I can remember as a child, I used to always hear people say: “The Bible says. . .” They would complete the statement with a quote or a paraphrase that supposedly came from the Bible. Now, although many of the things I heard sounded like good, wise and sound biblical advice, I discovered later on that many of those things were not actually found in the Bible! In fact, not only were they not in the Bible, many of them were not even implied by the Bible and some were even opposite of what the Bible actually said! For example, I heard people say: “The Bible says: ‘God helps those who help themselves!” Now I understood their point. They were saying that a person has to have some initiative to help themselves and not just depend on God or others to do everything for them. But, I discovered that the Bible doesn’t say that! In fact, the Bible seems to imply that God is especially apt to help those who “cannot” help themselves!
So along that line of thought, I have always heard people say that the Bible says: “It’s the anointing that destroys the yoke!” Well, I looked it up and guess what? The Bible does say something similar to that! It’s found in Isaiah 10:27 and it says: “And it shall come to pass in that day, that his burden shall be taken away from off thy shoulder, and his yoke from off thy neck, and the yoke shall be destroyed because of the anointing.” (KJV) Whew! I was glad to know that some of what I’ve been hearing people say was in the Bible was actually in the Bible! However, I also discovered that the Bible doesn’t mean it in the way in which most people use it! Let me show you what I’m talking about! Most of the time when I heard and hear this preached or taught, the speaker is making reference to the fact that the anointing of God is able to break any yoke (a yoke being anything that has us in bondage, be it spiritual or physical such as sickness, debt, substance abuse, etc.,) in our lives. Now that sounds good! It sounds like something God would do! But is that actually the meaning and message of the text in Isaiah 10:27? I think not! Let me show you why!
One of the primary rules of proper exegesis (that’s just a fancy word for properly handling and interpreting the text) is that the text cannot be divorced from its context. The context of this text is the Assyrian Captivity. God used Assyria to execute judgment upon the Northern Kingdom of Israel because of sin. However, the Assyrians got the “big-head” and attributed their dominion over Israel, not to an act of the Lord, but to their own strength and power. The words of our text are a promise to the remnant of Israel that eventually the yoke of Assyrian oppression would be destroyed. Note, in the context, that the yoke was really the result of God’s judgment more so than the enemy’s actions.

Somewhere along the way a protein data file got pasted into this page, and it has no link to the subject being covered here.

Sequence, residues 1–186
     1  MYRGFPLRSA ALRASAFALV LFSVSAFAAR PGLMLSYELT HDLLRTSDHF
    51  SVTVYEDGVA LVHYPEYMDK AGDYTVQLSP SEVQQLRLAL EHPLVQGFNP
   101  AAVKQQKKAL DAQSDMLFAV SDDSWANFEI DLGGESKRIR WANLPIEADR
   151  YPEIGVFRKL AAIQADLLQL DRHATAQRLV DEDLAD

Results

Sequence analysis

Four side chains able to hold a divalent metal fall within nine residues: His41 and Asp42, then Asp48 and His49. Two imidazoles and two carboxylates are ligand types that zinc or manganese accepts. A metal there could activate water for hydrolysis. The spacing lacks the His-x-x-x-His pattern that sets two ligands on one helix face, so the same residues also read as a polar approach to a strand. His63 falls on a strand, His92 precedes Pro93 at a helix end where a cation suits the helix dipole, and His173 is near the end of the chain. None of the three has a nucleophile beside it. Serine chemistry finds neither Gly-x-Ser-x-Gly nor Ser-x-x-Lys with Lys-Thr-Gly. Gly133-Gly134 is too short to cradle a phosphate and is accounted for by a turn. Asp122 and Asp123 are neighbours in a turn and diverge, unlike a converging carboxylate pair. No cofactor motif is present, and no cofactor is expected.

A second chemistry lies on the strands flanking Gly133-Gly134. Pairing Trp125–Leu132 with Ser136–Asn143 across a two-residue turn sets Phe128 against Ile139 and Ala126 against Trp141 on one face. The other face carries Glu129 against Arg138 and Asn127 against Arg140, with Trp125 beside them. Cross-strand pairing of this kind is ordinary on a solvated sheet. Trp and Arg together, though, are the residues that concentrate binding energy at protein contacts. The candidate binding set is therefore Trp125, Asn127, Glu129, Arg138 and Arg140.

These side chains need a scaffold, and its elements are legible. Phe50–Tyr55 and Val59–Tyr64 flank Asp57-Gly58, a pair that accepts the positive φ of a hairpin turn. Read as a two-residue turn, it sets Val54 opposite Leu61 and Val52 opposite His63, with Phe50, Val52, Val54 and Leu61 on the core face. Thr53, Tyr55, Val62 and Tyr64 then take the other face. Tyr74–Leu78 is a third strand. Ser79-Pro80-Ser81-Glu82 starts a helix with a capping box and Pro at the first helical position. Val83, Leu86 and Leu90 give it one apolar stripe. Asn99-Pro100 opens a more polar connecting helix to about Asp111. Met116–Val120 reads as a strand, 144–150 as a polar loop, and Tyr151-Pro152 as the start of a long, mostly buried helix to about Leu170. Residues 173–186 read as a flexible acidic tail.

Now when I looked at this text in some of the English versions other than the KJV/NKJV (King James Version/New King James Version), I discovered that where the KJV/NKJV use the term “anointing,” most of the other English versions use the term “fat” or some derivative of it such as “fatness.” When I looked at the text in the Hebrew and conducted some lexical research, I also discovered that the word the KJV/NKJV translates as “anointing” is the Hebrew word: “shemen” or “semen.” According the TWOT (Theological Wordbook of the Old Testament) the primary meaning of this Hebrew word is “fat” and “oil.” It is used to covey the idea of prosperity and well-being. The idea in Isaiah 10:27 is that the Assyrian yoke would be broken or destroyed because like oxen that have grown fat, the yoke would be broken and destroyed by Israel’s neck becoming too large to be contained by it! It also interesting to note that, of all the occurrences of this word in the Hebrew text (nearly 200 times!), this is the only occurrence where the KJV/NKJV translates it as “anointing.” All the other times, it is translated as fat, fatness, richness, or fertile. And even where the idea of anointing is clearly present, shemen or semen is translated as “oil” and is always found combined with the Hebrew word “mashach,” which means to smear or anoint.
So what am I saying? Am I saying that the anointing doesn’t break the yoke in the sense that many people say it does? I don’t know! (I do know that it is not wise to base a doctrine, a practice, or a belief on just one verse! Especially when the translation and/or interpretation of that verse is suspect!) What I am saying is that this particular verse cannot be used in all exegetical and hermeneutical honestly to arrive at and support the conclusion that the anointing, as many people refer to it, breaks the yoke. I don’t know about the anointing destroying the yoke, but I do know that the Anointed One (Christ) does! And because he does; I am not so much worried about “having the anointing that destroys the yoke” as I am about having the yoke of the Anointed One! The focus should be on responding appropriately to his call in which he invites us: “Come unto me, all ye that labor and are heavy laden, and I will give you rest. Take my yoke upon you, and learn of me; for I am meek and lowly in heart: and ye shall find rest unto your souls. For my yoke is easy, and my burden is light.” (Matthew 11:28-30 KJV)